Driving Truck

EFFINGHAM, Ill. — The vast Petro truck stop here is a neon-lit, blacktop oasis at the crossroads of America. It beckons big-rig drivers with showers, laundry machines, a barber shop, even a knife store. “Professional drivers only,” reads the sign above the tables of the Iron Skillet restaurant, where truckers sit mostly alone, carrying the solitude of their jobs into an otherwise social setting.

Driving a long-haul tractor-trailer is as commonplace as the items that drivers carry, from blue jeans to blueberries, from toilet paper for Walmart to farm machinery bound for export. There are 1.7 million men and women working as long-haul drivers in the country. Yet truckers — high up in their cabs — are literally out of view for most Americans.

At a moment when President Trump has ignited a national discussion of blue-collar labor and even climbed into a truck during a White House event, trucking, which was once among the best-paying such jobs, has become low-wage, grinding, unhealthy work. Turnover at large for-hire fleets hauling freight by the truckload — the backbone of the industry — runs an astonishing 80 percent a year, according to a trade group. Looming over the horizon is a future in which self-driving trucks threaten to eliminate many drivers’ livelihoods.

Still, trucking continues to draw plenty of newcomers, reflecting the lack of good alternatives for workers without a higher education (one survey found that 17 percent of truckers had less than a high school diploma). Some have lost better-paying manufacturing jobs in the continuing deindustrialization of America. Others have spent years knocking on the door of the middle class in minimum-wage jobs in fast food or retail. To them, trucking is a step up.

Over two days recently, The New York Times spoke to truckers at the Petro stop, which sits at the intersection of Interstate 57, between Chicago and Memphis, and Interstate 70, between Indianapolis and St. Louis. These interviews were edited and condensed. The maps show drivers’ routes in picking up and delivering their loads.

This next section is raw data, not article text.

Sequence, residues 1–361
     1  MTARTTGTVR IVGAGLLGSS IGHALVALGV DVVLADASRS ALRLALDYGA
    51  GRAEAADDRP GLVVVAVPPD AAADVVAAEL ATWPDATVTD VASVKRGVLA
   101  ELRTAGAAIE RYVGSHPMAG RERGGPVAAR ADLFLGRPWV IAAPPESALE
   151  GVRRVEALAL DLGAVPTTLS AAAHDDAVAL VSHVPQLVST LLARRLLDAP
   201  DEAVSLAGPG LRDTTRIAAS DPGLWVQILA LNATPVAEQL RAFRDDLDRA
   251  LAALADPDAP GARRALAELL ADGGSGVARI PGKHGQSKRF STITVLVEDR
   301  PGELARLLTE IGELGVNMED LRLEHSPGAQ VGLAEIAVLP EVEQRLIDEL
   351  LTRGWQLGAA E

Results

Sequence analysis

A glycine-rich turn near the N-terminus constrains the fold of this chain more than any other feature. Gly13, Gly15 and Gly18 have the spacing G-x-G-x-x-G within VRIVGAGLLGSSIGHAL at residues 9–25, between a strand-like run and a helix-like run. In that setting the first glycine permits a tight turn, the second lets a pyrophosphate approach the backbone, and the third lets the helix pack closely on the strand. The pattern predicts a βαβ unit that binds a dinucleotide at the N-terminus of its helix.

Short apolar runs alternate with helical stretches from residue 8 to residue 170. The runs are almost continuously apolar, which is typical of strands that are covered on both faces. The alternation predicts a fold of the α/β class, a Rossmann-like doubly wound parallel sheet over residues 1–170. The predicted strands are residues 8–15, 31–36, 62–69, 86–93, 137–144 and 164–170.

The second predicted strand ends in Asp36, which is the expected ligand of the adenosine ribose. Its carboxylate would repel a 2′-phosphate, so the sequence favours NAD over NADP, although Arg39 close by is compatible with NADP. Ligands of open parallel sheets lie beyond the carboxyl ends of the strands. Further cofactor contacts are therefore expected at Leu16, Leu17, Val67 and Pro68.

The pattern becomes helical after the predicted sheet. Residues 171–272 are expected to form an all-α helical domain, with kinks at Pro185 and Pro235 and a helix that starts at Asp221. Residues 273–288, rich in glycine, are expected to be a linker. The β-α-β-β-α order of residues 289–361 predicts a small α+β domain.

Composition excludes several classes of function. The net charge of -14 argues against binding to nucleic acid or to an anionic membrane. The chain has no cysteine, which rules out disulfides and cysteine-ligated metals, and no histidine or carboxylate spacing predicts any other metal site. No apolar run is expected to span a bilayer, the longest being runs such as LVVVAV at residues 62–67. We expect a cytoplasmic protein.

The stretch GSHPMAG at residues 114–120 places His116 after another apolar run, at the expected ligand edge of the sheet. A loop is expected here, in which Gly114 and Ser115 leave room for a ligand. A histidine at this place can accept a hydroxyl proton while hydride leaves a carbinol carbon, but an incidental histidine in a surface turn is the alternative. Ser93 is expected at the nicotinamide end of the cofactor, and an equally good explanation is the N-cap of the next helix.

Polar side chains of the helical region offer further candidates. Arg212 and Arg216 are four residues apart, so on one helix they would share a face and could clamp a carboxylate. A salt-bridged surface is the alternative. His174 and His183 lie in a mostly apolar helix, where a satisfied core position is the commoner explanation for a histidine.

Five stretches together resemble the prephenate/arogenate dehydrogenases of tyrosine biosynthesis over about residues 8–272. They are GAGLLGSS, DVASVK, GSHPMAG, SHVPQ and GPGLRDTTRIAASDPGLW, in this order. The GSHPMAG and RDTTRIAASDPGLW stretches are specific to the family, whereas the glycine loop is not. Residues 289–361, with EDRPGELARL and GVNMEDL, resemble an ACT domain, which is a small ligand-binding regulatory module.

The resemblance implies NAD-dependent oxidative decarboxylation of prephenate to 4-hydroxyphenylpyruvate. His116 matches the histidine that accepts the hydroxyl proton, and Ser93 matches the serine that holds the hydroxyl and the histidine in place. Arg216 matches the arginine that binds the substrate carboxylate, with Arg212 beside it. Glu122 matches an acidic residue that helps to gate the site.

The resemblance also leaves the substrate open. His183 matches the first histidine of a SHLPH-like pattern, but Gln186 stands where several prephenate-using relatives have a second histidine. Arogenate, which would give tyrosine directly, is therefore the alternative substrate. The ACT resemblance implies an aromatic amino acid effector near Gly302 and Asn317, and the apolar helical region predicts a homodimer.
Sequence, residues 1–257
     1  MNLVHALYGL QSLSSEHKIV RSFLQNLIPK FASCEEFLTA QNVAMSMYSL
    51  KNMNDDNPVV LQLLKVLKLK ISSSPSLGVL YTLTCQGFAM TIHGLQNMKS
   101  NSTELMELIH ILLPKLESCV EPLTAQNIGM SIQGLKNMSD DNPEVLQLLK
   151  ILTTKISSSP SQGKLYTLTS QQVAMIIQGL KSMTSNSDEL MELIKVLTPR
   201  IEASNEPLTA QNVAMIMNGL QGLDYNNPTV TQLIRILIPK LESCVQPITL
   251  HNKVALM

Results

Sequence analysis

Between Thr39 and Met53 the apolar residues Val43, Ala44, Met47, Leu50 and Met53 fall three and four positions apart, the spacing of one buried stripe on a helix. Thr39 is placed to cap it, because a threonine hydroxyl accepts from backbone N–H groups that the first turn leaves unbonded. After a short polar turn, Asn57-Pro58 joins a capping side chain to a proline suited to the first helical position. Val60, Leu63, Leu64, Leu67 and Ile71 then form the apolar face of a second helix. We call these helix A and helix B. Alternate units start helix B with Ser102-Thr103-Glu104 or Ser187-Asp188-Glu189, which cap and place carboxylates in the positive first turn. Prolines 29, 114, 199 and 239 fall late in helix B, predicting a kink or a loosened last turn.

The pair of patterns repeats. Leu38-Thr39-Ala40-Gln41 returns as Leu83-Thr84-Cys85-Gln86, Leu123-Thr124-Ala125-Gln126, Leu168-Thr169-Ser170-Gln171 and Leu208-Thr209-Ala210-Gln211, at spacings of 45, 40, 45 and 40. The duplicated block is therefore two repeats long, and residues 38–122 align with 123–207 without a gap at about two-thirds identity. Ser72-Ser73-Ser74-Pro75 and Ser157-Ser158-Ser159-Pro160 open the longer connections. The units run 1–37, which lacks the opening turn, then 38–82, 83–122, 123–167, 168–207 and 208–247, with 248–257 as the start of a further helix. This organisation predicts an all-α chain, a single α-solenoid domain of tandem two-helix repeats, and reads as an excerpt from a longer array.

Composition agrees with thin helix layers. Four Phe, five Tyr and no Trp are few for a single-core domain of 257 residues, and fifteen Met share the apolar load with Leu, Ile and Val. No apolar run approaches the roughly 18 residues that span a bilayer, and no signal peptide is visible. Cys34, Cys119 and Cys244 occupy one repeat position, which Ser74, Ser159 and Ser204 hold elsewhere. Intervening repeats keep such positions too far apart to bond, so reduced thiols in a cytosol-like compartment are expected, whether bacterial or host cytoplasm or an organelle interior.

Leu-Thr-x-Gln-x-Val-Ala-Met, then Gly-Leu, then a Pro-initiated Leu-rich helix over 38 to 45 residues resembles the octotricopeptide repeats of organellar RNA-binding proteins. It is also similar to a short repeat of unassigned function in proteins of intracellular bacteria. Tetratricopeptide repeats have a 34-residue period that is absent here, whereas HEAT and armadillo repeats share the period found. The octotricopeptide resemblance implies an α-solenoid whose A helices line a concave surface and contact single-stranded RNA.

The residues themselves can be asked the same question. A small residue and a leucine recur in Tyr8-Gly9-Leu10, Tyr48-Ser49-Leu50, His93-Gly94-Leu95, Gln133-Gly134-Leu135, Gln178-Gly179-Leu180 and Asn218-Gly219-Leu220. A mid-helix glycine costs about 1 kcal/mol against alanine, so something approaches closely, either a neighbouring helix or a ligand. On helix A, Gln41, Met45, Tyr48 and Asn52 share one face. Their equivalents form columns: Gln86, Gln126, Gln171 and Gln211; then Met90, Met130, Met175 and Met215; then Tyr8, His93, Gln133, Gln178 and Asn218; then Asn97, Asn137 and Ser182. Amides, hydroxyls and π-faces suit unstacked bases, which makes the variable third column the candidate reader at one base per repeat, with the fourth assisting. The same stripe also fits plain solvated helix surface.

(The Times also wants to hear what long-haul truckers wish car drivers knew and see how they have made the inside of their cabs into a home. Share your stories.)

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‘The Clock’s Ticking, the Clock’s Ticking’

Greg Simmons, 54, Hastings, Fla. Driving 27 years.

Assumption, Ill.

Travel back to Florida for delivery

Effingham, Ill.Start and end Panama City, Fla.

We’re throwaway people. Nobody cares about us. Everybody’s perception of a truck driver is we clog up traffic, we get in the way, we pollute the environment.

We’re just like cops. Everybody needs us, but nobody wants us.

Before trucking, I did electronics, but there was no pay in it. What I did not know is, when you do this for a living, you can’t go to night school and train for something else. This sucks up so much of your time.

Truckers are paid mostly by the mile, not the hour. Federal rules say they can drive 11 hours within a 14-hour window, and then they must stop for a 10-hour break. Many resent the 14-hour rule.

Everybody’s constantly looking at the clock. If you get caught in a traffic jam for four hours, that’s four hours of your productivity gone. Or if you go to pick up a load and these people take five and a half hours to load you, they’ve killed five and a half hours of your day. The clock’s ticking, the clock’s ticking. Got to go, man, got to go! The 14-hour rule has created an unnatural amount of pressure. For the young fellows, after two or three months, they say the hell with this.

Why do you keep driving?

Because at 54 years old, nobody wants me. I can’t retrain for anything else. For older people, you kind of get trapped. For every one that does well, there’s 30 that it destroys.

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Ayisha Gomez

‘I Told Her That I Would Do Whatever It Took’

Ayisha Gomez, 39, Riverside County, Calif. Driving three years.

There were a lot of women in my training class. There were a lot of younger, I would say girls, going through. I think it’s women trying to prove themselves. And there are so many of us who are single mothers and the work that’s out there, we just can’t support our families.

Ms. Gomez said she worked for AutoZone for about eight years before becoming a truck driver. Women make up 5 percent of truckers.

My daughter got accepted to U.C.-Davis, and she wasn’t going to go because we couldn’t afford it. I told her that I would do whatever it took.

It is very stressful being away from home, being out of contact with people.

I was driving cross-country and stopped in Texas to pick up a cousin of mine. Her sister was having a baby. I said, “I’ll take you home to California.” We hardly talked at all on the trip. You forget how to communicate with people. You’re by yourself constantly. There’s nobody to talk to except when you’re picking up or dropping off a load.

Are you in a romantic relationship at home?